The video was a hit, generating more than 100 shares and 300 comments on Facebook. Next, on Sept.10, Williams and Karably started a Facebook group, #mappingjax. Its 1,800 members share posts relating to architecture, policy and best practices as well as memories and personal reflections on place. What next?
“I’d like to build the group and hear from folks, hear what they want and what they need,” Williams says. “What I’m most proud of is that there are people from every corner of the city [in the group]. I’ve been working diligently to build relationships with as many people as I can, by listening. I’m trying to bring people together. That’s where I think I can really do some good: getting some people together and having conversations, meeting in the middle a little bit better than what we’ve been doing.”
The answer is sufficiently vague to merit caution on the part of some participants. Artist and Folio Weekly contributor Madeleine Peck Wagner, for example, doesn’t see a clear path forward IRL.
“I hate to sound like a pessimist, but I’ve seen this cycle before—outrage tied to optimism trying to become action—and I’ve seen it dissolve,” she says. “It feels like this is another optimistic project that’s going to get dashed. It doesn’t feel that there are applicable solutions, at least not applicable to the Jacksonville political machine.”
Above all, Wagner wants to see some deliverables. “To start with optimism, big ideas, is what Jacksonville needs,” she explains. “Steve is good at that. And Steve is good at listening. But then what? If we’re talking about a mapping project, where’s the map? Where’s the thesis? Where’s the hypothesis? I’m curious and I’m hopeful, but I’m not optimistic.”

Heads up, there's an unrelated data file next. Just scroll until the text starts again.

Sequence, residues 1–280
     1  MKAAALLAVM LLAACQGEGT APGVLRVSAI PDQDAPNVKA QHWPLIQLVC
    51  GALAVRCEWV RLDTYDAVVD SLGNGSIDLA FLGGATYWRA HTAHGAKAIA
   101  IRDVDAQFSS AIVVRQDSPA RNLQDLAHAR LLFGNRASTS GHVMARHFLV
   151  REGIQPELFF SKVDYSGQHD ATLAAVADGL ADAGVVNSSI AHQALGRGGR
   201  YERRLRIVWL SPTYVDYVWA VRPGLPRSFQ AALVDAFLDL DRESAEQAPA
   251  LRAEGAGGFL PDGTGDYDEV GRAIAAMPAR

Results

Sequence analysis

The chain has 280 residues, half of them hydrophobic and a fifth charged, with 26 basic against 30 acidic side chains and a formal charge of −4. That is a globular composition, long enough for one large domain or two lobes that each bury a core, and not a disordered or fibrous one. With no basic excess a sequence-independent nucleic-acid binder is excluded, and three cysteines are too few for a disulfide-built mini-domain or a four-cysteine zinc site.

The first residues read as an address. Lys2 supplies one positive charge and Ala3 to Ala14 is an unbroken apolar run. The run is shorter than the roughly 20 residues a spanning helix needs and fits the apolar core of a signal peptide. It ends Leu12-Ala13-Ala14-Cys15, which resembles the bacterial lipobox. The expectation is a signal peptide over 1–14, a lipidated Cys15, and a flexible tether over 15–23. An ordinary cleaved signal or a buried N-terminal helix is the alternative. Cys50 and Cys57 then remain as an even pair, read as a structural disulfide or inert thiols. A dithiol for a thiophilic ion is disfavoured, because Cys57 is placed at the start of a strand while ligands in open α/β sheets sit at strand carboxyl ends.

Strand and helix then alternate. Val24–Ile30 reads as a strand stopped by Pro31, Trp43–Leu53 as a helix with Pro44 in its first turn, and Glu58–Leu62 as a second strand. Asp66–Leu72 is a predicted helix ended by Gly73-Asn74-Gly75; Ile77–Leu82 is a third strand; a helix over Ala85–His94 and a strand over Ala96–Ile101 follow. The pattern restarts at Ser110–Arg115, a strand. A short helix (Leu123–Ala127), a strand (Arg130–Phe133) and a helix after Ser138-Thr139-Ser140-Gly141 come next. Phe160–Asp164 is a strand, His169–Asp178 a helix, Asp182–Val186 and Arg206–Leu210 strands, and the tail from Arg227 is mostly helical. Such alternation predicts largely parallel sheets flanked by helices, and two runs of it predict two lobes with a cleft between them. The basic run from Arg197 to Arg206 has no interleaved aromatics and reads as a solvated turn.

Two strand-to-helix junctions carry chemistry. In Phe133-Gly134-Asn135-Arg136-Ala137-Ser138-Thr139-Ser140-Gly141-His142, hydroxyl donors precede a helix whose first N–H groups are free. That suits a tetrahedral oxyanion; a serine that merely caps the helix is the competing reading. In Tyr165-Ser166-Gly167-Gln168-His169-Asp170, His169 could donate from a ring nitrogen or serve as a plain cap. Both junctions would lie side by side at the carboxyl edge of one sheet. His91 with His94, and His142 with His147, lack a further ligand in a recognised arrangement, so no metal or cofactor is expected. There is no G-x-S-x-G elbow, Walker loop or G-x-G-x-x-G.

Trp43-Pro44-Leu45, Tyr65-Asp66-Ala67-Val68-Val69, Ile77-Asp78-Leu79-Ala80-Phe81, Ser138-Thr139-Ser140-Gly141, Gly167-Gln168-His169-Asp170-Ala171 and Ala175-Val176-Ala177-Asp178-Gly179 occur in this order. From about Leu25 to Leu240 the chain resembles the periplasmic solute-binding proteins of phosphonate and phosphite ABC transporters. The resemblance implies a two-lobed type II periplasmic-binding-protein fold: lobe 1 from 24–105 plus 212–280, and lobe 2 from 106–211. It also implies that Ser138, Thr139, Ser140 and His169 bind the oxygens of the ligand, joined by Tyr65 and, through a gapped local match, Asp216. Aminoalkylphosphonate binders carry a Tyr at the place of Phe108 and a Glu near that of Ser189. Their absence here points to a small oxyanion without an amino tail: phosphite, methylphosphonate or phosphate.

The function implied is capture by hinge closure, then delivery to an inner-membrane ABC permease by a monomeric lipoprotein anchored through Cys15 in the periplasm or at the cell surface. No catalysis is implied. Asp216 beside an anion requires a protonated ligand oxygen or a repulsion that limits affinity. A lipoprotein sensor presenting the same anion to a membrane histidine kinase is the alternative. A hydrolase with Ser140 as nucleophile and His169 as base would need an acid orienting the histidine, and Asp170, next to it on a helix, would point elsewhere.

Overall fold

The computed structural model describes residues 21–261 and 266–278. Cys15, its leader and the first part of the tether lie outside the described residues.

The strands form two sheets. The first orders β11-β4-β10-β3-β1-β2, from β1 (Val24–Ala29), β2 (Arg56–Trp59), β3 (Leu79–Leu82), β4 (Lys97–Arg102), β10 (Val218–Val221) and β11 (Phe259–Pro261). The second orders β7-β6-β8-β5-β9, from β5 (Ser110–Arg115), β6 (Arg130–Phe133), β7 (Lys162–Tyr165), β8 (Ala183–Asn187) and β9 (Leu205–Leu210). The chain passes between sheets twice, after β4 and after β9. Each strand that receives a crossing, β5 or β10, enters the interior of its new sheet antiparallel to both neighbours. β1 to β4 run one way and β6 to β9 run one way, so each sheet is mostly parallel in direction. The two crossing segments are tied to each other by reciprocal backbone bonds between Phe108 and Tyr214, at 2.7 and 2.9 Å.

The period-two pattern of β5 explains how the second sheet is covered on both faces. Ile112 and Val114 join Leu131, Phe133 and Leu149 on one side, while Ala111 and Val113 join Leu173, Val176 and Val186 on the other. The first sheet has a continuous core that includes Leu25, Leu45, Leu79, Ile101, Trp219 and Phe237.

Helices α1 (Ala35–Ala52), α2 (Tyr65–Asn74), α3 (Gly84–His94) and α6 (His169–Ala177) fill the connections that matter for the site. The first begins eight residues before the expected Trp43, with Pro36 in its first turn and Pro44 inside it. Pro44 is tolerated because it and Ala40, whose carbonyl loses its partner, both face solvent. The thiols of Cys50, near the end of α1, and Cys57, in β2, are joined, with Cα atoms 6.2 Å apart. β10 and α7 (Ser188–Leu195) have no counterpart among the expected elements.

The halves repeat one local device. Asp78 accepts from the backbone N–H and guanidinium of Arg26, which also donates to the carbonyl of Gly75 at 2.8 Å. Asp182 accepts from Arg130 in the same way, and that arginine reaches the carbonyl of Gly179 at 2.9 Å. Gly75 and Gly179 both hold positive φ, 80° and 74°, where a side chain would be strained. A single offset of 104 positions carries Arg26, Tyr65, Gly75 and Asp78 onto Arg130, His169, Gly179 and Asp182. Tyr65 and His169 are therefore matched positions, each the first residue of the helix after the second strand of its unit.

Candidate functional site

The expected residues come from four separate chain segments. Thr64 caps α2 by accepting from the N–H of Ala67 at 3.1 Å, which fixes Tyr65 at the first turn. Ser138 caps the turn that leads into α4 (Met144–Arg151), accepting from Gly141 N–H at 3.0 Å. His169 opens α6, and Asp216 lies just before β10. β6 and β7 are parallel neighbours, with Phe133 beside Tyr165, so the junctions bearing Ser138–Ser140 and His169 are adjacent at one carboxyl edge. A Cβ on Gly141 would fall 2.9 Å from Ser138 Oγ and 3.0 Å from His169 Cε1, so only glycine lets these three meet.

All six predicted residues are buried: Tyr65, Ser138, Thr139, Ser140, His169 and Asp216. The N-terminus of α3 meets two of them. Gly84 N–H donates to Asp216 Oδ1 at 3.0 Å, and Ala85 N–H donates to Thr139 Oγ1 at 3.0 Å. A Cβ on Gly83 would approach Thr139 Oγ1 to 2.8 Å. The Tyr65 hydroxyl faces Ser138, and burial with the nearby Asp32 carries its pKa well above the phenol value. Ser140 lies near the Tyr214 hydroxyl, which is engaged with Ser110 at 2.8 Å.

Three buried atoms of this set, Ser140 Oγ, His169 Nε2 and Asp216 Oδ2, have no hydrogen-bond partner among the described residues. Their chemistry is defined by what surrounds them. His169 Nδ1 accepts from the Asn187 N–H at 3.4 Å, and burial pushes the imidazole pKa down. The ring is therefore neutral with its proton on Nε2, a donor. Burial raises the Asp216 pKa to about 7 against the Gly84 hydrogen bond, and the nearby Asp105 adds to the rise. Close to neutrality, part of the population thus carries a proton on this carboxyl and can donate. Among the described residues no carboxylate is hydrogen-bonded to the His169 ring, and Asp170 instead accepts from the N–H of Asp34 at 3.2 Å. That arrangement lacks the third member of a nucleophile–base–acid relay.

There have been other criticisms of #mappingjax, too, notably that Williams is too present in the discussion. There has been talk—which he neither confirms nor denies—of political aspirations. Williams says that he wants to be where he’s most useful.
“I’m ready to put 15 years into hard work here,” Williams says. “A lot of people have said, ‘Steve for mayor,’ and I’m not saying no. But is that the best way for me to serve? I can’t answer that right now. The reason I’m raising my voice is to find out. I don’t know how other people experience the world. I want to hear from them.”
Karably is sensitive to the undercurrent of criticism. “I think there were a lot of initial misconceptions about what #mappingjax is or was,” he notes. “For me, there are no ulterior motives, no hidden agendas. We’re not trying to put Steve in an authoritative position. His voice is one of many voices. Pairing that voice with my curiosity is the core of it. As a documentary filmmaker, I’m curious. I want to hear and tell other people’s stories.”
And that’s where things stand as Williams and Karably gear up to release a second #mappingjax video online. Williams says they are also considering ways to bring the digital discussion into the real world, and expand its scope beyond the Downtown developments that spurred their initial video.
“The project has shifted,” Williams says, “from archiving to letting everyone have a voice. We want this to be about community building, not just what Steve and Joe think.”